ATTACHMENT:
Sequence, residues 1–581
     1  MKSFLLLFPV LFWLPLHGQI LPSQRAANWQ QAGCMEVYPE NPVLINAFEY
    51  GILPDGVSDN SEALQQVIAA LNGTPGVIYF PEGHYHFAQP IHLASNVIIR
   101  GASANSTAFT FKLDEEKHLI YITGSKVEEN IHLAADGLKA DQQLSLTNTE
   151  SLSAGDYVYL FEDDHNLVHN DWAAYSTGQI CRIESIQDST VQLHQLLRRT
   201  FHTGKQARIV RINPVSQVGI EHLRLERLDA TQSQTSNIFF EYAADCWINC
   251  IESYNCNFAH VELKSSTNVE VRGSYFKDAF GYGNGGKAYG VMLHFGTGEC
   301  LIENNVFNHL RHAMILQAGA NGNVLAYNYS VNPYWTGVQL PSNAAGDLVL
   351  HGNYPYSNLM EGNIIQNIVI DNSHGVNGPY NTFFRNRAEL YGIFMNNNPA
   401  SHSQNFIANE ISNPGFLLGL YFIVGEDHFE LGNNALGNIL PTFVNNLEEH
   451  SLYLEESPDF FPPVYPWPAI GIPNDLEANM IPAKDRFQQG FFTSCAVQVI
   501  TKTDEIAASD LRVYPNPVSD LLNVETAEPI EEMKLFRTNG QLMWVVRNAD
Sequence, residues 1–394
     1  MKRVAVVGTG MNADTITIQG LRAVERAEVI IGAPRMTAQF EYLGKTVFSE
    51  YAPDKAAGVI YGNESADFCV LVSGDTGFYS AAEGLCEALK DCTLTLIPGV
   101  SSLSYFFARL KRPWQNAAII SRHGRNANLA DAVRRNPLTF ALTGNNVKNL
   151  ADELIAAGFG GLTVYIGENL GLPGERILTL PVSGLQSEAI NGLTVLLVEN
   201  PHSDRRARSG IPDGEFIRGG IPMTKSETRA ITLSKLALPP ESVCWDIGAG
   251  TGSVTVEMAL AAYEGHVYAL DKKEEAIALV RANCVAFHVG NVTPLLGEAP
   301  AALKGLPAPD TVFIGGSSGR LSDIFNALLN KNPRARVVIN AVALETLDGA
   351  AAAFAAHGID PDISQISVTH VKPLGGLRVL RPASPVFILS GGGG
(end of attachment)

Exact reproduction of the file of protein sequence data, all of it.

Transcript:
Sequence, residues 1–581
     1  MKSFLLLFPV LFWLPLHGQI LPSQRAANWQ QAGCMEVYPE NPVLINAFEY
    51  GILPDGVSDN SEALQQVIAA LNGTPGVIYF PEGHYHFAQP IHLASNVIIR
   101  GASANSTAFT FKLDEEKHLI YITGSKVEEN IHLAADGLKA DQQLSLTNTE
   151  SLSAGDYVYL FEDDHNLVHN DWAAYSTGQI CRIESIQDST VQLHQLLRRT
   201  FHTGKQARIV RINPVSQVGI EHLRLERLDA TQSQTSNIFF EYAADCWINC
   251  IESYNCNFAH VELKSSTNVE VRGSYFKDAF GYGNGGKAYG VMLHFGTGEC
   301  LIENNVFNHL RHAMILQAGA NGNVLAYNYS VNPYWTGVQL PSNAAGDLVL
   351  HGNYPYSNLM EGNIIQNIVI DNSHGVNGPY NTFFRNRAEL YGIFMNNNPA
   401  SHSQNFIANE ISNPGFLLGL YFIVGEDHFE LGNNALGNIL PTFVNNLEEH
   451  SLYLEESPDF FPPVYPWPAI GIPNDLEANM IPAKDRFQQG FFTSCAVQVI
   501  TKTDEIAASD LRVYPNPVSD LLNVETAEPI EEMKLFRTNG QLMWVVRNAD
Sequence, residues 1–394
     1  MKRVAVVGTG MNADTITIQG LRAVERAEVI IGAPRMTAQF EYLGKTVFSE
    51  YAPDKAAGVI YGNESADFCV LVSGDTGFYS AAEGLCEALK DCTLTLIPGV
   101  SSLSYFFARL KRPWQNAAII SRHGRNANLA DAVRRNPLTF ALTGNNVKNL
   151  ADELIAAGFG GLTVYIGENL GLPGERILTL PVSGLQSEAI NGLTVLLVEN
   201  PHSDRRARSG IPDGEFIRGG IPMTKSETRA ITLSKLALPP ESVCWDIGAG
   251  TGSVTVEMAL AAYEGHVYAL DKKEEAIALV RANCVAFHVG NVTPLLGEAP
   301  AALKGLPAPD TVFIGGSSGR LSDIFNALLN KNPRARVVIN AVALETLDGA
   351  AAAFAAHGID PDISQISVTH VKPLGGLRVL RPASPVFILS GGGG